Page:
Korina and the Thaw at the Dacha

Irina Korina. Thaw, 2023. Mixed media. Exhibition view at XL Gallery. Courtesy of XL Gallery and the artist

Artist Irina Korina's latest immersive installation is on view at the XL Gallery in Moscow in which she links Russia’s Soviet past with today’s uncertainties.

“Dachas and the people who spend their summer holidays there are vulgar, sorry” said Liubov Andreevna to Gaiev and Lopakhin in Chekhov's play ‘The Cherry Orchard’. There is something of the Russian dacha in Irina Korina's (b. 1977) new exhibition at the XL Gallery. Over the past century, the Russian intelligentsia found a sanctuary from the slings and arrows of life in their dachas. In fact, the myth of the dacha features almost everywhere in 20th century Moscow culture, in various guises. There was Boris Pasternak’s tame anti-soviet bravado at Peredelkino, the Soviet loyalism and self-proclaimed aristocracy of film director Nikita Mikhalkov at Nikolina Gora, and the dissidence and non-conformism of painter Eduard Steinberg (1937-2012) in Tarusa. For all of them, their dachas symbolized coziness, warmth, a circle of trusted and like-minded friends, a little piece of the good life.

Just how relevant contemporary art is itself relates to how connected it is with the local context. Korina’s installation explores a darker side to the dacha, something altogether scarier: how it operates as a strange complex of domesticity. Korina has taken over the XL Gallery with a large structure made from sail cloth stretched over a frame. One minute it feels like an apartment, then a dacha, or a forest with fir trees, a church, a dilapidated hut or a cemetery of toys. It is less an exterior, more an interior landscape, a space punctuated by a sense of alienated soulfulness. There is a narrow, white corridor with a soft floor, and ceilings made of linen which is hanging low. Visitors move about as if they are walking on cushions and mattresses which are hidden, enveloped in a gentle, organic space, dimly lit and filled with objects at once familiar and alien.

There are wardrobes which were bought on Avito (a popular Russian website for second-hand goods) or donated by friends, and old, badly made furniture. Dotted around is kitsch, both Soviet and contemporary: wood burnings, a hologram in a glass prism, a straw skier bunny. There are also ceramic models made by Korina, a boy squatting down with a dog, a wolf howling among trees, micro-skis placed against the walls. These models hark back to the kind of porcelain figurines which were made by Soviet factories, yet they are much cruder, simpler and more roughly made. Korina’s own imitations reveal a lack of meaning in the originals. There is a threat that lurks behind illusions of comfort and stability, a notion of absurdity concealed within their glossy exteriors. This all culminates in the form of seven marble elephants, sitting in a row one beside the other, organized according to size. At some point they stop looking like elephants, and start to look like shapeless piles, a staple of the urban winter landscape in Russia: mounds of slush shoveled from the streets to the curb. It is those old enough to have had a Soviet childhood who see them as elephants: then there were always seven placed in a row, symbolic of family happiness. This original Soviet kitsch juxtaposed with Korina's works makes it look like empty historical detritus, where once its accumulation was a psychological defense against alienation in a world saturated with ideology. Now, here, taken out of its original context, this junk serves to unsettle you, like a wolf from a 3D postcard that looks like he is climbing out of a cupboard, out of the flat surface into space to stare at the audience with the piercing eyes of a hungry beast. After crawling through the corridors that move underfoot, bumping into one another, visitors find themselves in an open space on a firm floor, screened off from the exhibition space. Here comes the climax: a wall of votives. “It's now considered indecent to write things on Instagram that people used to write,” explains the artist. The ceramic votives have glossy, metallic glazes – a cat, a guitar, an ice cream cone, a dog for example – and evoke the peaceful life that disappeared in 2022. They are either a reminder of the past or a prayer for the future, asking for social healing. That is, a return to kitsch.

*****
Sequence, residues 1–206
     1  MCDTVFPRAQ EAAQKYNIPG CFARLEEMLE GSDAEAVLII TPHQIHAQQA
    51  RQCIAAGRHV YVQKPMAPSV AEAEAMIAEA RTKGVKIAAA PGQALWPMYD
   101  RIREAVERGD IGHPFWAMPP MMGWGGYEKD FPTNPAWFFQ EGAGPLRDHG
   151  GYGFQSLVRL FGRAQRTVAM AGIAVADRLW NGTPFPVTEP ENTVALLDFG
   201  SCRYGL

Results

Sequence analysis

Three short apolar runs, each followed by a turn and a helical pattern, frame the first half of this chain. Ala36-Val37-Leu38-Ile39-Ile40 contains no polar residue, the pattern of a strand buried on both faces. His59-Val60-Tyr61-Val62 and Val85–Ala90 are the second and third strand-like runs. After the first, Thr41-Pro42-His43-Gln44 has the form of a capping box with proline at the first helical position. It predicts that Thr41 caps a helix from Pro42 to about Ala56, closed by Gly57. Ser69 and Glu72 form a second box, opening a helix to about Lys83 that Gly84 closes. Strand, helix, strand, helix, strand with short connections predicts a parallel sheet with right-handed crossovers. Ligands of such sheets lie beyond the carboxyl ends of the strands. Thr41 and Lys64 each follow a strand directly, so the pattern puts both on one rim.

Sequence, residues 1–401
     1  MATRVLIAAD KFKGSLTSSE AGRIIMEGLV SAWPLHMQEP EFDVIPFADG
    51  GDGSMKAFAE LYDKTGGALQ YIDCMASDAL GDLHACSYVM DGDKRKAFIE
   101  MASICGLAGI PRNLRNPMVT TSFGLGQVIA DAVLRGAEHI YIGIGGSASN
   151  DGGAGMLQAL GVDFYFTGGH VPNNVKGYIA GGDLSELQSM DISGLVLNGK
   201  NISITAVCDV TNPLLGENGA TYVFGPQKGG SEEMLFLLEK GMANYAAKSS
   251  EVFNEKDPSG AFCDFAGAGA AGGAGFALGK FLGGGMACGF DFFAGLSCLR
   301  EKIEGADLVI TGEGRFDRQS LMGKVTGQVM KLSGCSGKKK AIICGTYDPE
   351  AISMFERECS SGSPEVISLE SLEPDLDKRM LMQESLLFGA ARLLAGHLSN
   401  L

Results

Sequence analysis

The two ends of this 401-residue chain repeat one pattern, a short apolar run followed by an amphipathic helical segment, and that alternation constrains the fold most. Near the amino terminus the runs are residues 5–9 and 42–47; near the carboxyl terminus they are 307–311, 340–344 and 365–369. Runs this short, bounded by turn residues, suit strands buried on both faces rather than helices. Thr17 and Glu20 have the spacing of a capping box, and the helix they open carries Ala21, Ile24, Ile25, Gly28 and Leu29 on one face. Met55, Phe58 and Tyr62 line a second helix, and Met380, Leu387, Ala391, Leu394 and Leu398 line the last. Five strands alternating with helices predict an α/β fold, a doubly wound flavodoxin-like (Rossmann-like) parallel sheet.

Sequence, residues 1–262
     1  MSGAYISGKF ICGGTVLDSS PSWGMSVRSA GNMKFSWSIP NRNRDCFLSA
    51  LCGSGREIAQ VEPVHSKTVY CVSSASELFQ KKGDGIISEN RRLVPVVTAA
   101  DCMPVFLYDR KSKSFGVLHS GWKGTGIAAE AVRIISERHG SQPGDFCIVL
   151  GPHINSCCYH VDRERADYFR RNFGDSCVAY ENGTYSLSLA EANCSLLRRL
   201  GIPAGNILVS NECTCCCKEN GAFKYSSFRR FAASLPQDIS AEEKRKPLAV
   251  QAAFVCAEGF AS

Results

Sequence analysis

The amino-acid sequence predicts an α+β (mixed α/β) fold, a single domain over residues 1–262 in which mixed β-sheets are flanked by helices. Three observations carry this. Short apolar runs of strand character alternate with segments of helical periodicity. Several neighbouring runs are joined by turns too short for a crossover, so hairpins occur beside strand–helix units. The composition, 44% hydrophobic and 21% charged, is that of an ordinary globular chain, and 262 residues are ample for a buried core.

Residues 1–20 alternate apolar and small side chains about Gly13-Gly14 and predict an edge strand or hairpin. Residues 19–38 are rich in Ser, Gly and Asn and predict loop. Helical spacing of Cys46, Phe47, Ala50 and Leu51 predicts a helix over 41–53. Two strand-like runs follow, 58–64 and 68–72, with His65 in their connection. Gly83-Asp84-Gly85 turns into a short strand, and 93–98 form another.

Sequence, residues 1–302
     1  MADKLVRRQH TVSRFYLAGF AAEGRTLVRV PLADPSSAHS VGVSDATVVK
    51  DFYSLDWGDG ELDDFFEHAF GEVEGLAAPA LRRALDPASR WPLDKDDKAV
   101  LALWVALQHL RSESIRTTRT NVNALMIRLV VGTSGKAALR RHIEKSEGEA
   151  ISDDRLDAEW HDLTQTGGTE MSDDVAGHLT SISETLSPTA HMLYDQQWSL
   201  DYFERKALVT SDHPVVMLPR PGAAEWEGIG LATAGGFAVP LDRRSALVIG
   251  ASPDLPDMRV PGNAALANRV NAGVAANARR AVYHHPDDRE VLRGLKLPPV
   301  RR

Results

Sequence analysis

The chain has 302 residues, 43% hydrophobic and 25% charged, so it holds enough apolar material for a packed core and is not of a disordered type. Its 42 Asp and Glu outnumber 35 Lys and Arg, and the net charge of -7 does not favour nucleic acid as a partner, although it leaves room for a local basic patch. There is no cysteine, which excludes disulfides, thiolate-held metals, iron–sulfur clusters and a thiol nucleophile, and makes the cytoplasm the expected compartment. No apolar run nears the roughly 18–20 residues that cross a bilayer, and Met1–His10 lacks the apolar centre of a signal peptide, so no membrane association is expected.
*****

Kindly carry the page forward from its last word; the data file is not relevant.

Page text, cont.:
There is an altar beside the wall of votives. Two glazed objects sit on top of old, handmade pedestals decorated with rich cloth covers, like thrones with church antimines. They look like mounds of melted snow, gleaming invitingly in the light of Soviet table lamps, and create a paradoxical experience of desire – the medium of ceramic transforms the reality of dirt into the language of pleasure. If you live in Russia, you need to learn how to love the mud in spring. After all, everything covered during the winter is revealed in March once the snow melts. The word ‘snowdrop’ has two meanings in Russian: it is both the first spring flower and a thawing corpse.

Korina’s use of table lamps in her installation as well as the narrow corridors, is a device often employed by the Moscow conceptualists. But they saw in cramped spaces the stuffiness of the Soviet, as Ilya Kabakov (b. 1933) in his installation ‘Labyrinth’ (‘My Mother's Album’, 1990). In other works by Kabakov, the communal apartment was always implicitly opposed to the comfort of a bourgeois home. But in the era of Moscow Conceptualism, the Soviet was still alive – there were banners with slogans, flights into space, and Lenin in every home. Now for the first time in post-Soviet art, Irina Korina reveals the ideological role of banality. And the sweet threat of philistinism. It is only snowdrops at dachas which have been left over since the USSR. And they continue to rot.

Irina Korina. Thaw

XL Gallery

Moscow, Russia

21 March – 26 April, 2023

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